Tuesday, December 17, 2013

God’s Christmas Gift

A brand new baby is a reminder of God’s creative power. Recently little Josiah, our brand new grandson, graced our family, and with his coming has come the reminder of what a little baby is like. It has been so wonderful to hold that little guy and look at his perfectly formed features and marvel at the God who created him.

Can you try to imagine the feelings of Mary and Joseph as they looked into the face of their newborn baby that first Christmas? It was a remarkable moment. Though they were young, the extraordinary events that occurred opened their awareness that this was no ordinary child. The visits of Gabriel the Ark Angel, the sudden arrival of the shepherds and now the birth of Jesus their baby all seemed to make the ugly, hateful comments of friends and family distant. This was their special moment—one they would never forget. Philip Yancey, in the book The Jesus I Never Knew, describes this moment like this:
“One day in the cold, in the dark, among the wrinkled hills of Bethlehem, God who knows no before or after entered time and space. God who knows no boundaries took on the shocking confines of a baby’s skin and the ominous restraints of immortality.”[i]

The whole idea of God coming to this planet in the form of a baby is incredible. However, this is what Christmas is. It is God’s gift of giving us Jesus in the form of a tiny baby—a baby who would be our savior.

C. S. Lewis has written about God’s plan, “The whole thing narrows and narrows, until at last it comes down to a little point, small as the point of a spear—a Jewish girl at her prayers.” Yancey adds, “Today as I read the accounts of Jesus’ birth I tremble to think of the fate of the world resting on the responses of two rural teenagers. How many times did Mary review the angel’s words as she felt the Son of God kicking against the walls of her uterus? How many times did Joseph second-guess his own encounter with an angel—just a dream?—as he endured the hot shame of living among villagers who could plainly see the changing shape of his fiancée?”[ii]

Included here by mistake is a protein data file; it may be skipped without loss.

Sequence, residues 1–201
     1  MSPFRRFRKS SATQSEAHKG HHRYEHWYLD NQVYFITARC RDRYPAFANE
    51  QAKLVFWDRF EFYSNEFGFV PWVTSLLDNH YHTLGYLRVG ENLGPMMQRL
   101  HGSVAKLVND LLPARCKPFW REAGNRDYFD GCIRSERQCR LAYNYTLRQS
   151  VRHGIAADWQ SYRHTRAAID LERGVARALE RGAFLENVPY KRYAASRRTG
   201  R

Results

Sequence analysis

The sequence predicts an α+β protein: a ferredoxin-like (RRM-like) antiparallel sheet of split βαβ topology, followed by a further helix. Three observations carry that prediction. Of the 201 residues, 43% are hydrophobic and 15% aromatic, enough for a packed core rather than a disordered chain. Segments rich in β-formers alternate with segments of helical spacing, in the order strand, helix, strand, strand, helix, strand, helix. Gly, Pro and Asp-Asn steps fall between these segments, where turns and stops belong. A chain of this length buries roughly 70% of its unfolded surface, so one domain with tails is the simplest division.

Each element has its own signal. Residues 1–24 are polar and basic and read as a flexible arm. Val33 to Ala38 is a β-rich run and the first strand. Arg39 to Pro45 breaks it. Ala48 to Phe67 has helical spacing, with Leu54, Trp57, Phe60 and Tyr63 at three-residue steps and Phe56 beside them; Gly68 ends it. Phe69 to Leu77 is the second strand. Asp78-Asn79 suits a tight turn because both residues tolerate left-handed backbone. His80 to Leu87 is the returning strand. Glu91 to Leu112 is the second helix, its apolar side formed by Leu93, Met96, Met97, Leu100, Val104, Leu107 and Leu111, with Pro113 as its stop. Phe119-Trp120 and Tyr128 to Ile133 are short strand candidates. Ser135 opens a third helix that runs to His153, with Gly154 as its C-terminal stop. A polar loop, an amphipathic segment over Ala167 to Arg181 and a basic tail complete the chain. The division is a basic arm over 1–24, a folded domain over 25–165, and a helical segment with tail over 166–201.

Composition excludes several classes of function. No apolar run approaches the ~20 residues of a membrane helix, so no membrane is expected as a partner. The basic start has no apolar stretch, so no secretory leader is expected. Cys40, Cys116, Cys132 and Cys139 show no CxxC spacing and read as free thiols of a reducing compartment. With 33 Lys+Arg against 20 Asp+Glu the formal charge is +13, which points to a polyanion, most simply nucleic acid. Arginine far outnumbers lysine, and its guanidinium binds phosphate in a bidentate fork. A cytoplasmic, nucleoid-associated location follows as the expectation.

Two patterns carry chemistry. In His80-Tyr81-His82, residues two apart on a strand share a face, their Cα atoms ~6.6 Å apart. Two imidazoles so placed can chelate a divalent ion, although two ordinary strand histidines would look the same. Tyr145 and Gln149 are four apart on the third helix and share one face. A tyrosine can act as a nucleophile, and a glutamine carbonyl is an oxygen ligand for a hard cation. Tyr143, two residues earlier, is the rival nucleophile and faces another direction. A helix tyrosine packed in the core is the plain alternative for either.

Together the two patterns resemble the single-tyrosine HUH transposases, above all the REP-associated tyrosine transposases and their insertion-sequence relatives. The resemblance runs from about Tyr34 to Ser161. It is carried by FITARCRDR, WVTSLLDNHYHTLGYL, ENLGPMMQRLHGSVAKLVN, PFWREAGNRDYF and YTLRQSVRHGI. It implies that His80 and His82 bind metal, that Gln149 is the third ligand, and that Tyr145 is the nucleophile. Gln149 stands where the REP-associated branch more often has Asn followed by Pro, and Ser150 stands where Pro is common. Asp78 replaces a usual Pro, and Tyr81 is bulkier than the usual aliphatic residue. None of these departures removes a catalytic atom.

The Apostle Paul, writing to the Corinthians, described the incarnation in these words: “For you know the grace of our Lord Jesus Christ, that though he was rich, yet for your sakes he became poor, so that you through his poverty might become rich” (2 Cor 8:9). The Apostle loved to write about this astounding event. Here he describes Jesus before he was born in Bethlehem. In Paul’s words Jesus is presented as God, the second member of the Trinity. What was life like for Jesus before Bethlehem? In Paul’s letter to the Philippians he tells us more:

Philippians 2:5-10
5 Your attitude should be the same as that of Christ Jesus:
6 Who, being in very nature God,
did not consider equality with God something to be grasped,
7 but made himself nothing,
taking the very nature of a servant,
being made in human likeness.
8 And being found in appearance as a man,
he humbled himself
and became obedient to death —
even death on a cross!
9 Therefore God exalted him to the highest place
and gave him the name that is above every name,
10 that at the name of Jesus every knee should bow,
in heaven and on earth and under the earth,

The context is the need for humility in the community of the Philippian church. The need for this humility is as great today as it was that day. Paul invites us to learn to think like Christ. His thinking will produce an unselfish attitude and magnanimous actions in lives. Philip Yancey continues:

almost no pagan author used the word humble as a compliment before Jesus. The God who came to earth came not in a raging whirlwind nor in a devouring fire. Unimaginably, the Maker of all things shrank down, down, down, so small as to become an ovum, a single fertilized egg barely visible to the naked eye, an egg that would divide and redivide until a fetus took shape, enlarging cell by cell inside a nervous teenager. Immensity cloistered in thy dear womb,” marveled the poet John Donne or as the Apostle said He made himself nothing…he humbled himself and was made in human likeness.[iii]

[i] Philip Yancey, The Jesus I  never Knew,  (Grand Rapids, MI, Zondervan: 1998),
[ii] Philip Yancey, The Jesus I  never Knew,  (Grand Rapids, MI, Zondervan: 1998), p. 31-32.
[iii] Philip Yancey, The Jesus I  Never Knew,  (Grand Rapids, MI, Zondervan: 1998), p. 36.

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